The World Is Full of Walls That Don’t Work

Why would Donald Trump want to build another one?

Politico Magazine | August 16, 2016

By Michael Dear

Across the world, building walls has become the political strategy favored by nations convinced that barriers are the only way to deal with difficult neighbors. In some regions, walls are used to claim territory; in others, they are used to separate warring factions; in yet others, they are meant to keep the unwanted out.

Donald Trump shares this view. The centerpiece of his presidential platform from the beginning has been building a wall between Mexico and the United States to stop illegal immigration, getting Mexico to pay for the concrete structure, and outlawing amnesty for immigrants already in the U.S. without documentation. (He presents this as a new initiative, without mentioning that the U.S. has just completed building 651 miles of fencing and walls along our southern border.)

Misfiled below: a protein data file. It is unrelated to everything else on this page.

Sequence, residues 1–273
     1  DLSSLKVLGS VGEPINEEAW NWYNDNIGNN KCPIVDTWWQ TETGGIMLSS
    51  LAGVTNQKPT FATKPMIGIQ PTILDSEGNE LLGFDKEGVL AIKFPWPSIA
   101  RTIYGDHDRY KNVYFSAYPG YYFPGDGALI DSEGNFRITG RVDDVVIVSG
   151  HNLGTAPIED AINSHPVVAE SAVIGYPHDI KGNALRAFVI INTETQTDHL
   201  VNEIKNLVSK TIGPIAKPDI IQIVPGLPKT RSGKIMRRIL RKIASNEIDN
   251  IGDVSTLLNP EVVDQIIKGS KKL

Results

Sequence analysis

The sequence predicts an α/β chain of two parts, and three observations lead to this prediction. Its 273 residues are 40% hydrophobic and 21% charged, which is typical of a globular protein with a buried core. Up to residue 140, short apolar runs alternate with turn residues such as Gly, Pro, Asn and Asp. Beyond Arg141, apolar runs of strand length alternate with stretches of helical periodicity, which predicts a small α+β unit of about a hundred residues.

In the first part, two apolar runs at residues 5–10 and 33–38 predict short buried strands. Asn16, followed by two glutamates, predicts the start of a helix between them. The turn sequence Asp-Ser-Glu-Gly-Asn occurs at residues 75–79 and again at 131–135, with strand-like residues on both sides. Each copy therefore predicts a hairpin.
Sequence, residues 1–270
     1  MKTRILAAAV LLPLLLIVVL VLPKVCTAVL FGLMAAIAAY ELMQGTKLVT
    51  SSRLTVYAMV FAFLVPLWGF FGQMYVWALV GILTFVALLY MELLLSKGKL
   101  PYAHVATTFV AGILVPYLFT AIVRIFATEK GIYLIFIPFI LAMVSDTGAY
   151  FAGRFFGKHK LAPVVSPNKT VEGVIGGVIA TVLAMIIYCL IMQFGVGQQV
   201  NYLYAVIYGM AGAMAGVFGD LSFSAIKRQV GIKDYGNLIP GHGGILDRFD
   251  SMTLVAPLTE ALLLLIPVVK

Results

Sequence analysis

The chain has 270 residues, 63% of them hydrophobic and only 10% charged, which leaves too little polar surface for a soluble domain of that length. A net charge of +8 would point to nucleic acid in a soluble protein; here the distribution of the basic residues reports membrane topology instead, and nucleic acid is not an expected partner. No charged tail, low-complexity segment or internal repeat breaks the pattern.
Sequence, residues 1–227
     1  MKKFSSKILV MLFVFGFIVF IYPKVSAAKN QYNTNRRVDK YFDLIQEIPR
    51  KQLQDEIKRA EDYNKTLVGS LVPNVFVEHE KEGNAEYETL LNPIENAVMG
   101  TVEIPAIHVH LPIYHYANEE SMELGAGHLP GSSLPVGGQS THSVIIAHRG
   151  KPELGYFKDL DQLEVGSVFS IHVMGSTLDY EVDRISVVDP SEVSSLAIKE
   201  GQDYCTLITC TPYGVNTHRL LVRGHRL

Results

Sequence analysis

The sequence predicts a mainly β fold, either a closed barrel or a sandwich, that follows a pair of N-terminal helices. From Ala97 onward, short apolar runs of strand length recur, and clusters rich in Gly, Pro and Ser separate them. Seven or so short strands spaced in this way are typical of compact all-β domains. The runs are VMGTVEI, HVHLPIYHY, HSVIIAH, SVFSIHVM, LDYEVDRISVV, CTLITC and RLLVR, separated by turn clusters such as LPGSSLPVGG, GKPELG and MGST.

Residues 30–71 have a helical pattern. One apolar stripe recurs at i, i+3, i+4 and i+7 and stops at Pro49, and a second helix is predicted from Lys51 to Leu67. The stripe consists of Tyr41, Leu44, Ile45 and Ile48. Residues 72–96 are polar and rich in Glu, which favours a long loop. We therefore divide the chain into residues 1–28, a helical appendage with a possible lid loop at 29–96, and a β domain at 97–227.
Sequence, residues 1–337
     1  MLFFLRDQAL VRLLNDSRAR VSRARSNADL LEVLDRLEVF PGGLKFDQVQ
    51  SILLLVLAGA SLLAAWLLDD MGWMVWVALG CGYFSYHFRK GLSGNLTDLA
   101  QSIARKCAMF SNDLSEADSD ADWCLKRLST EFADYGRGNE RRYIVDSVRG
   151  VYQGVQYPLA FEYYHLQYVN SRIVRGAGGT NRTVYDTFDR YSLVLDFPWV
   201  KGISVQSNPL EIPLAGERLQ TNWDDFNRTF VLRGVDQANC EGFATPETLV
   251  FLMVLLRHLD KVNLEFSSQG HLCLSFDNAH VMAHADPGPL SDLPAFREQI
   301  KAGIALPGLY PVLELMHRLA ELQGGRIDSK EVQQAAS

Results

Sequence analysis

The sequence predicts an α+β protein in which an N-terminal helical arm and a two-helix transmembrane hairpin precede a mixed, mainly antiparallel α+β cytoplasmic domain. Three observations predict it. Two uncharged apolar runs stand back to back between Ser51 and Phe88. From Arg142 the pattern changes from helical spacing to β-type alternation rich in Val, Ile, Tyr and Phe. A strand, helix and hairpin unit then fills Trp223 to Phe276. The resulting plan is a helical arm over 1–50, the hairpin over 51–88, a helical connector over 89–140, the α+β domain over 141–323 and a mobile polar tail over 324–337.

But what Trump doesn’t understand—ironic, for someone so preoccupied with “winning”—is that building walls between nations is an utter failure of the geopolitical imagination. Walls are a blunt instrument of diplomacy. At best, they offer temporary respite from deeper tensions which usually remain unresolved by separation. At worst, walls can exacerbate the problems they were intended to solve. Put simply, walls do not work as permanent solutions to tough problems. Which is why, ultimately, they fall….

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